With the flood waters receding in Queensland – giving us our first real look at the size of the damage involved – it might be worth going back and having a bit of a squiz at what happened on the economic front immediately following the last big South East Qld flood drama in January 1974. We’ll also take a peek at an interesting mortality stat while we’re at it.

Just about every large destructive event – be it flood, fire or cyclone – has consequences on the prices of goods and services at the local level. For example, if cauliflower farmers were wiped out, cauliflowers would become scarce and the prices would rise. Similarly, if a large number of households had their carpets destroyed by flooding – we’d expect a surge in the number of people trying to buy new replacement carpet, increasing demand for carpet and lifting the price of carpet in the short term as a result.

Often people will fall into the trap of calling this “price gouging” – but in reality, it usually has far,far more to do with ordinary people (you and me) bidding up the price of scarce goods and services, than it does with caricatures of evil retailers rubbing their hands with glee as they make abnormal profits by exploiting the desperation of disaster victims.

The fallout from the 1974 floods is a pretty good textbook example of the sorts of price change differentials we usually see after a disaster. If we look at the Consumer Price Index at the time and see how the prices of various goods and services changed between December 1973 and December 1974 in Brisbane compared to the national level, this is what we get:

CPIchange

Perhaps somewhat surprising is how the price of food in Brisbane increased at a rate substantially less than the rest of country over the period. What isn’t surprising however, is the way household contents and services jumped nearly a percent higher in price compared to the national average – jumping 5.5% over the year compared to the national average increase of 4.7% .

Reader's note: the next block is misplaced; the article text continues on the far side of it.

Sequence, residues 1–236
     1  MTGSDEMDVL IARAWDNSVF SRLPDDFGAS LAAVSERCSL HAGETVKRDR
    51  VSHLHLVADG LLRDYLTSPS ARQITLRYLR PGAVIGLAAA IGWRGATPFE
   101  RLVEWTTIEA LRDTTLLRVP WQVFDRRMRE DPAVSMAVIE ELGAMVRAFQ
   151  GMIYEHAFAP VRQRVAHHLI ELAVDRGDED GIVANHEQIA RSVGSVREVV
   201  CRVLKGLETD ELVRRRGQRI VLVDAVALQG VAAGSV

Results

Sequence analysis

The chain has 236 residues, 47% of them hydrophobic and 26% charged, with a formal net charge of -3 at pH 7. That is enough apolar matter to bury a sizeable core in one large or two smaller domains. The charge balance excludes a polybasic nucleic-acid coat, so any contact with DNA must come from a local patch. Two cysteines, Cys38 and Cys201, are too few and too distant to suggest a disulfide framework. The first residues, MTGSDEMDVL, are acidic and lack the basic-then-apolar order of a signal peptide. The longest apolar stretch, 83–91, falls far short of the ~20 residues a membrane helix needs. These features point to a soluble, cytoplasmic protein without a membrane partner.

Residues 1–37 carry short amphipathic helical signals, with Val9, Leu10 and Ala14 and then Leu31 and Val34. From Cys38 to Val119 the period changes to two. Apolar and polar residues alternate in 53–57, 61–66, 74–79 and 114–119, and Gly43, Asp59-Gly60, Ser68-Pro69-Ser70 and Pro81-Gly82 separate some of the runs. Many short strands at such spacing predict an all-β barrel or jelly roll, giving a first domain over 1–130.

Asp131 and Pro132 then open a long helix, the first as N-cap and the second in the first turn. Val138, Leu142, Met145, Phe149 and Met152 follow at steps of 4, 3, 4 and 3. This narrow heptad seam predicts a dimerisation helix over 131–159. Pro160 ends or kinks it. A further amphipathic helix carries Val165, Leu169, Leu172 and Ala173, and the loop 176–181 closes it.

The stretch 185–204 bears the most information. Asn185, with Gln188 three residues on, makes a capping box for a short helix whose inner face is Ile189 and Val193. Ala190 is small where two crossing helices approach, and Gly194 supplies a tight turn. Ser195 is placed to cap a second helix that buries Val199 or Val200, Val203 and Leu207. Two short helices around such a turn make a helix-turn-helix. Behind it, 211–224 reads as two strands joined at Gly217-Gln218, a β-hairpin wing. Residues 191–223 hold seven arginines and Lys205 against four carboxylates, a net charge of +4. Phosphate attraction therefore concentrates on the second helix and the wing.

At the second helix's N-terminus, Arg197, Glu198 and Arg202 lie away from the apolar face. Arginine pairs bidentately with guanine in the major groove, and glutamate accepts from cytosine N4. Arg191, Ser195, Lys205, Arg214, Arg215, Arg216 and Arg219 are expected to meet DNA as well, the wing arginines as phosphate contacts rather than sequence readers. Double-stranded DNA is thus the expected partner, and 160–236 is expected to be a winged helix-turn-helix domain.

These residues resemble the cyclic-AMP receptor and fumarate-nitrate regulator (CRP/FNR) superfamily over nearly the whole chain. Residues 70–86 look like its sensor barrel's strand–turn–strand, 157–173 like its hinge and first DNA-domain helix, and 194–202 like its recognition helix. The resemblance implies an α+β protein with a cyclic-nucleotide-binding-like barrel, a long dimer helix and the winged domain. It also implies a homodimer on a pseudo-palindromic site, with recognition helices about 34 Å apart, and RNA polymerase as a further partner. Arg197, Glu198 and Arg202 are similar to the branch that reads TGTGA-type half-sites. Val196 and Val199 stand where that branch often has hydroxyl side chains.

This comes back to what we mentioned earlier – as household goods that were ruined in the flood had to be replaced, the large bulge in demand (rather than price gouging) simply pushed the prices up. We should expect to see something similar happen in Brisbane over the next 12 months or so on a variety of goods and services.

One of the interesting things about the fallout of the 74 flood was that while the cost of housing increased more in Brisbane than it did nationally (jumping 4.1% over the period compared to the national average of 3.7%) – the increase in cost wasn’t as high as many had expected. There’s quite a bit of anxiety around Brisbane at the moment – particularly in the rental market – that the flood might push up housing costs significantly. Let’s hope that fallout is more akin to 1974 than the 7% and 8% increases that some folks in the property industry are currently throwing around.

The other interesting part on the economic side of the 74 flood was what happened in the construction industry. On the residential construction side, as we were heading into 1974, the country as a whole was experiencing a bit of a residential construction downturn. If we look the quarterly change in dwelling unit commencements for Qld and for Australia as a whole over the period, what we see is that the 74 flood gave Qld a larger than average downturn, but with a slightly higher than average bounce back on the recovery.

dwellingcommencement

But the real story was non-residential construction. When people mention non-residential construction, the first thing that comes to many a mind is CBD high rise office blocks and a sky full of cranes. Yet the reality isn’t actually that exciting. High rise office buildings only make up a relatively small proportion of the total value of non-residential construction – usually between around 5 and 15%, depending on the year. The bulk of non-residential construction is generally made up of things like shops and shopping centres, warehouses, hospitals and school buildings – and usually not in the CBDs of the nation, but out in the ‘burbs.